Little Rock Zoo welcomes new baby chimpanzee

LITTLE ROCK, Ark. (LR Zoo) – The Little Rock Zoo is excited to announce the birth of a male chimpanzee born July 18, 2015, to chimp Mahale. Along with that announcement, the Zoo also launched an online poll asking the public to vote for a name for the new baby.

Name choices for the baby were selected by keeper staff. Presented in alphabetical order the choices are:

Jumoke – Swahili for "everyone loves the child."

Kgosi – a Setswana term for "king" or "chief." The baby's grandfather was named "King Richard."

Kibale – named after Kibale National Park in Uganda; this is similar to the baby's mother, Mahale, who was named for Mahale Mountains National Park in Tanzania.

Voting will take place online at the Zoo website until midnight on Sunday, August 2, 2015. Visit www.LittleRockZoo.com/babychimp to vote. Results will be posted after noon on Monday, August 3.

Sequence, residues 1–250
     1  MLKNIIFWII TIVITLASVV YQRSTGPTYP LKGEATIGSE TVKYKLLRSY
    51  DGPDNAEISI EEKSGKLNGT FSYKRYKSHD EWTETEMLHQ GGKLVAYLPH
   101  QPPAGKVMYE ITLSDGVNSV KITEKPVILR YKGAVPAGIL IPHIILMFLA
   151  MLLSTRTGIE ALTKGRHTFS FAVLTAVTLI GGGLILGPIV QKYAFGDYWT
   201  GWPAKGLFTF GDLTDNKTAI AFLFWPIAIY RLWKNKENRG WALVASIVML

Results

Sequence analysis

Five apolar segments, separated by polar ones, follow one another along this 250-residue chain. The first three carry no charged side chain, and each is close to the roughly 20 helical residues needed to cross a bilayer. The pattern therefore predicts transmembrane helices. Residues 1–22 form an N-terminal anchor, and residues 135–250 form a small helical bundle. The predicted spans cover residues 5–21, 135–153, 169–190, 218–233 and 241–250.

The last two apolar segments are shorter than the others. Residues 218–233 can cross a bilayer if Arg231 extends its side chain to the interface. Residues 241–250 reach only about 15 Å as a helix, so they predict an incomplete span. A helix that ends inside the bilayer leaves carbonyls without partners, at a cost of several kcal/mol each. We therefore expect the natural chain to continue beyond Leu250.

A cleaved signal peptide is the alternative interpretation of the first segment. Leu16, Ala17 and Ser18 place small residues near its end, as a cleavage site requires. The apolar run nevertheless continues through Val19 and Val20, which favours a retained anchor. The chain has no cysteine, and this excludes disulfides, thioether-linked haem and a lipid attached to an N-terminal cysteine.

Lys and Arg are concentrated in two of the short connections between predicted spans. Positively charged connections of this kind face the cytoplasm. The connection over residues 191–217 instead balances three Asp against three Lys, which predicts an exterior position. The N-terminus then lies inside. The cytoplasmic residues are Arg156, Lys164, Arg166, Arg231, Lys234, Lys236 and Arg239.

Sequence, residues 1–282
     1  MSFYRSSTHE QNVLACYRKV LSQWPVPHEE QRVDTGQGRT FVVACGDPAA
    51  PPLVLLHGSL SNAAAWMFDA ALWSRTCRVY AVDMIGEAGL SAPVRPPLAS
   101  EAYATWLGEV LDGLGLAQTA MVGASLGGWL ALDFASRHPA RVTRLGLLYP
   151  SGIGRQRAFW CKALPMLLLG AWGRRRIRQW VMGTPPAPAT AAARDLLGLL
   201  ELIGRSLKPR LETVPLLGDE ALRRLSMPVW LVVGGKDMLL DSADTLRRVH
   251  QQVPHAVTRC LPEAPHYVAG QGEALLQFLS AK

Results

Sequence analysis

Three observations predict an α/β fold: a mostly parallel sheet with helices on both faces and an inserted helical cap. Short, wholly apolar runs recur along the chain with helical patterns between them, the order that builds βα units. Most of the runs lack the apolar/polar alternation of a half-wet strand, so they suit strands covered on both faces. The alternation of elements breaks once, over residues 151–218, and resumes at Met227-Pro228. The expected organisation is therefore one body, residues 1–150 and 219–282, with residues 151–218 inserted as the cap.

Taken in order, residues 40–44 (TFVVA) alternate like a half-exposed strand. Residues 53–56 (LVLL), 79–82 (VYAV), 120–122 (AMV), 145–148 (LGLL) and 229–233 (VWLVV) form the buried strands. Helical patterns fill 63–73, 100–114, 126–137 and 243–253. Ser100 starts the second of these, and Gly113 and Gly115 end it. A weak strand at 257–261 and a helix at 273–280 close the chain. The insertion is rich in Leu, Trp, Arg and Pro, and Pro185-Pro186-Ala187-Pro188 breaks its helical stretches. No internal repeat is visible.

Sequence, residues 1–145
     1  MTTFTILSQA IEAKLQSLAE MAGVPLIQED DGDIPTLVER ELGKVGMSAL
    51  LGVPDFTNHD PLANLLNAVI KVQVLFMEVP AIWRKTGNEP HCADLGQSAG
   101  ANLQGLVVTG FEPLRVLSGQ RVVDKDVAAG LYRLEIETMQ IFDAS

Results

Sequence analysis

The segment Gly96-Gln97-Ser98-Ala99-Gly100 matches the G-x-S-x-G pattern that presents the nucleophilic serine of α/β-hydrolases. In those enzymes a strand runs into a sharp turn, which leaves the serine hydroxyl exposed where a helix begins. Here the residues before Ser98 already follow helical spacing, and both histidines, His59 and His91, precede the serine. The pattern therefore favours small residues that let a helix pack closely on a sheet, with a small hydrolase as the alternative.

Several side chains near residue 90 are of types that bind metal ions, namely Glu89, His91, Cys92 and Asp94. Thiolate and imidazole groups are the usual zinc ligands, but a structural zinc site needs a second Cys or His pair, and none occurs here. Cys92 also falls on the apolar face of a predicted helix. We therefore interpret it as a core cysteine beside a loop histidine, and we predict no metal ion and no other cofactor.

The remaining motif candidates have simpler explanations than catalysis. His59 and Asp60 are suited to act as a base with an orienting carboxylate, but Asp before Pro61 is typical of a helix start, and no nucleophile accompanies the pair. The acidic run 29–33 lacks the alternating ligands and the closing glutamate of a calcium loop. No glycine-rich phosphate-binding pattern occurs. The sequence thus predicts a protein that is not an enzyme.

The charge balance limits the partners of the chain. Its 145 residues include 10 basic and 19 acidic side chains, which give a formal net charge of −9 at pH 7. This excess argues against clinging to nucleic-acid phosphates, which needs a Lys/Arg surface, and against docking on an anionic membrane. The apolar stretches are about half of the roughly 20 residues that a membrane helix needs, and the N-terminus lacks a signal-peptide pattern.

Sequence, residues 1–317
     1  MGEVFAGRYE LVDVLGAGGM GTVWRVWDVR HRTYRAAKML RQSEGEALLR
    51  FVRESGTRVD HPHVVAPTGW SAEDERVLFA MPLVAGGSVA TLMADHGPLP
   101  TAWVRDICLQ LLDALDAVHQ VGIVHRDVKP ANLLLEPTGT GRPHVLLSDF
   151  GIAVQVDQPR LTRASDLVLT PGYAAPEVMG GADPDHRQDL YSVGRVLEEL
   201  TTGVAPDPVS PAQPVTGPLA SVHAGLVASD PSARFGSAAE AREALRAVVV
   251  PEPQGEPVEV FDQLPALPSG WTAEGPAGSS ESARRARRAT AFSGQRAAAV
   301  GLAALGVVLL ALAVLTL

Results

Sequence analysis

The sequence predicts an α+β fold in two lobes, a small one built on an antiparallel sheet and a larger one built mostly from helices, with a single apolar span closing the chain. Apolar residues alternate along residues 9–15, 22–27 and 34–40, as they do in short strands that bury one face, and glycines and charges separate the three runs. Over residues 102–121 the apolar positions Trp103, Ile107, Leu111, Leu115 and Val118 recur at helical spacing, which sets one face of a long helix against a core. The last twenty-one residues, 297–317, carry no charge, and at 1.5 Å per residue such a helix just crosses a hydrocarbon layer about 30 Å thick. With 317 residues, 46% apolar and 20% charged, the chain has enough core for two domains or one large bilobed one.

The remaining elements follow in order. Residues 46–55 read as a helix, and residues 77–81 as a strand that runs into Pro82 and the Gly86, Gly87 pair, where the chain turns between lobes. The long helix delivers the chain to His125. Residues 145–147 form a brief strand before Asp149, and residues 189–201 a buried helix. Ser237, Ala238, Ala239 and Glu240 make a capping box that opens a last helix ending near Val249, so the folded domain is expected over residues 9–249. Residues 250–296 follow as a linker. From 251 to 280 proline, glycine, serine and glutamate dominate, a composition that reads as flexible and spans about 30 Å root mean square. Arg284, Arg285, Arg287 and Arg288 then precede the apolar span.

This marks the second birth for Mahale, who gave birth to Kendi in 2009. While paternity tests have not been conducted, keepers suspect the likely father of the baby is Kijana, the alpha male chimpanzee of the group.

The best opportunity to see the new baby and the chimp family is during the 1:30 p.m. scatter feed at the Great Ape exhibit every day. However, mom and baby have access to an indoor air conditioned area; they have the choice to venture outside or not.

The chimp's birth is the result of efforts by the chimpanzee Species Survival Plan (SSP) of the Association of Zoos and Aquariums (AZA). The SSP is an organization with members from other AZA accredited zoos that makes breeding and companionship recommendations for endangered animals.

The Little Rock Zoo is accredited by the Association of Zoos and Aquariums. Look for the AZA logo whenever you visit a zoo or aquarium as your assurance that you are supporting a facility dedicated to providing excellent care for animals, a great experience for you and a better future for all living things. With its more than 200 accredited members, AZA is a leader in global wildlife conservation and your link to helping animals in their native habitats. For more information, visit www.aza.org.

(Source: Little Rock Zoo)


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